The Bladensburg cross. Source: The Humanist.

In a widely-anticipated decision, the U.S. Supreme Court ruled late last month that a large concrete cross located on public property at a major intersection in Bladensburg, Maryland, could remain in place.  The nearly 90-year-old cross, which was placed to honor victims of World War I, had been challenged by an atheist organization as a violation of the First Amendment’s prohibition on establishment of religion.

In a fractured decision, seven of the Justices agreed that the cross could stay.  Writing for a plurality of the Court, Justice Alito argued that, although the Latin cross has a religious meaning, its longtime placement at a major intersection as a war memorial meant that it had taken on a secular meaning as well.  In light of this longstanding history, he concluded that the cross was not a violation of religious liberty.  In rendering his opinion, Justice Alito eschewed use of the widely-criticized Lemon test, developed by the Supreme Court in 1971, which looks at the government’s purpose and the effect of a regulation to determine whether an unconstitutional establishment of religion is created.  Justices Breyer and Kagan concurred in the opinion, noting that each Establishment Clause case must be reviewed individually and observing that no particular judicial test works in every situation.
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A photo of the cross in Bayview Park. Source: Fox News.

Last week, a three-judge panel of the Eleventh Circuit Court of Appeals held that a 75-year old cross displayed in Pensacola, Florida’s Bayview Park was a violation of certain individuals’ constitutional rights under the First Amendment’s Establishment Clause, which prohibits the establishment of religion.  But the court’s decision was based entirely on its “prior panel precedent” rule—meaning that the court was bound by a 35-year old decision on nearly identical facts—and the panel openly questioned the correctness of its decision.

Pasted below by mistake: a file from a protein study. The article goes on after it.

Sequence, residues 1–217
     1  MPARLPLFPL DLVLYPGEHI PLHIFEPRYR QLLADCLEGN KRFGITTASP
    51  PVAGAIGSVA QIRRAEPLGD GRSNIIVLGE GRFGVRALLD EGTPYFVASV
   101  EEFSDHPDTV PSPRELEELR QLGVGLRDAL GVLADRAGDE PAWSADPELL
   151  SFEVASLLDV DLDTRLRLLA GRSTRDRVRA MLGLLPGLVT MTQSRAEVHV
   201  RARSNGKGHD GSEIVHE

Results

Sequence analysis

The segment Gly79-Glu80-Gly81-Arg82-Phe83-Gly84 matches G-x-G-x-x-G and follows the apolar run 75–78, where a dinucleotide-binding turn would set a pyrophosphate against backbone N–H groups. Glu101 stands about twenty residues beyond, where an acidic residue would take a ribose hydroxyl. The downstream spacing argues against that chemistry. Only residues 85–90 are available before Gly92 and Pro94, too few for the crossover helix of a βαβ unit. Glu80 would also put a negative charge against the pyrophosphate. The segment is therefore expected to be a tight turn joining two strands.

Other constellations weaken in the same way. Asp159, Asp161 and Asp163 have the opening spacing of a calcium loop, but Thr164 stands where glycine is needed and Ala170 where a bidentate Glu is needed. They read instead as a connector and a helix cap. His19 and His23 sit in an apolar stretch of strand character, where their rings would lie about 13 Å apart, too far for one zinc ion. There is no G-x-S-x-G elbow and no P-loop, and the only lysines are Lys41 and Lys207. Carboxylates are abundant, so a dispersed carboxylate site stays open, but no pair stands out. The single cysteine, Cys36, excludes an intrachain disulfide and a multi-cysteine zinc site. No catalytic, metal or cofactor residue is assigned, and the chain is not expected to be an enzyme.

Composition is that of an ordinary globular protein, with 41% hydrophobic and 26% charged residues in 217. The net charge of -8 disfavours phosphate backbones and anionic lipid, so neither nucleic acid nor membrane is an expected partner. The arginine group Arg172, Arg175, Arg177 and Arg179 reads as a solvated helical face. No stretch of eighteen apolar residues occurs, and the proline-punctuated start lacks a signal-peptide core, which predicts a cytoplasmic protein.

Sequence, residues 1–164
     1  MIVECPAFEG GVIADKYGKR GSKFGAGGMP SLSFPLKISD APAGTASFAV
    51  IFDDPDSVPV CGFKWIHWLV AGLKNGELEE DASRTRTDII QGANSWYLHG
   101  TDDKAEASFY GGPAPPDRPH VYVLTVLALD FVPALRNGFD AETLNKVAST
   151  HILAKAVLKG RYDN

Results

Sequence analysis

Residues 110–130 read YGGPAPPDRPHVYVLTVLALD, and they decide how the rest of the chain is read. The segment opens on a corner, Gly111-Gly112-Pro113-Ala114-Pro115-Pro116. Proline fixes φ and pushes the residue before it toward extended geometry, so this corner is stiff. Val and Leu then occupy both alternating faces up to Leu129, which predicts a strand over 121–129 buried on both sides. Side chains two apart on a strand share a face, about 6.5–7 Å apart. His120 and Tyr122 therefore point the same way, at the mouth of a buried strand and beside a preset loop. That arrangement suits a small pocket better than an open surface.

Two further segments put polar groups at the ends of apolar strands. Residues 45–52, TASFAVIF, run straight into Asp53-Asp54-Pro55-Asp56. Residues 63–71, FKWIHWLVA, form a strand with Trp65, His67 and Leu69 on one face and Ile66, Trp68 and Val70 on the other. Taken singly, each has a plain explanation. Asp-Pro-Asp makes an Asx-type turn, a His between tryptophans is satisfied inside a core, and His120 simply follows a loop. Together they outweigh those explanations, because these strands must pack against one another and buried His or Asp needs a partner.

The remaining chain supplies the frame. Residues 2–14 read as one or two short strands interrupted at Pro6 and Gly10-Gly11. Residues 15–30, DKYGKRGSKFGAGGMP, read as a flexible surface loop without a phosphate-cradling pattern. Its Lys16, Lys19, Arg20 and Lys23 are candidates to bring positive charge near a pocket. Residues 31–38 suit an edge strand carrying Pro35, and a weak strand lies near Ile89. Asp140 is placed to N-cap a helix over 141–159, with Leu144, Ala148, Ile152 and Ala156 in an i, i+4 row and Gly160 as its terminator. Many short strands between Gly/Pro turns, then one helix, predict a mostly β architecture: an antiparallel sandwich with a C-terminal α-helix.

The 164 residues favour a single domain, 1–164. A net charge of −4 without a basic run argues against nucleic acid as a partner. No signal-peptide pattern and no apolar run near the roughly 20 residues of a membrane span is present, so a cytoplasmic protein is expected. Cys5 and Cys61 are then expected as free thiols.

Three individuals, represented by the American Civil Liberties Union, brought the case in federal district court in Florida.  They alleged that they felt offended by the presence of the cross in the park.  Pensacola moved to dismiss on standing grounds, arguing that the plaintiffs’ injuries were sufficient ethereal so as not to pass muster under current-day standing doctrine.  The parties also filed cross-motions for summary judgment on the question of whether the cross violated the Establishment Clause.
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An aerial view of the Grand Haven cross. Source: Grand Haven Tribune.

Late last month, in an unpublished opinion, the Michigan Court of Appeals determined that a monument commemorating those who served and died in the Vietnam War, located on land owned by the City of Grand Haven, was government speech and not subject to First Amendment limitations.  The monument, placed on a sand dune along the Grand River, contains a lifting mechanism that allows the monument to display a cross or, when certain attachments are included on the monument, an anchor.  When members of the community requested that the monument be lifted to display the cross, the city would raise the lifting mechanism.

In 2015, the city passed a resolution allowing the monument to display only the anchor, not the cross.  Members of a local church challenged the resolution as violating the free speech and equal protection provisions of the Michigan Constitution.  The trial court granted summary judgment to the city on the grounds that the monument was government speech.
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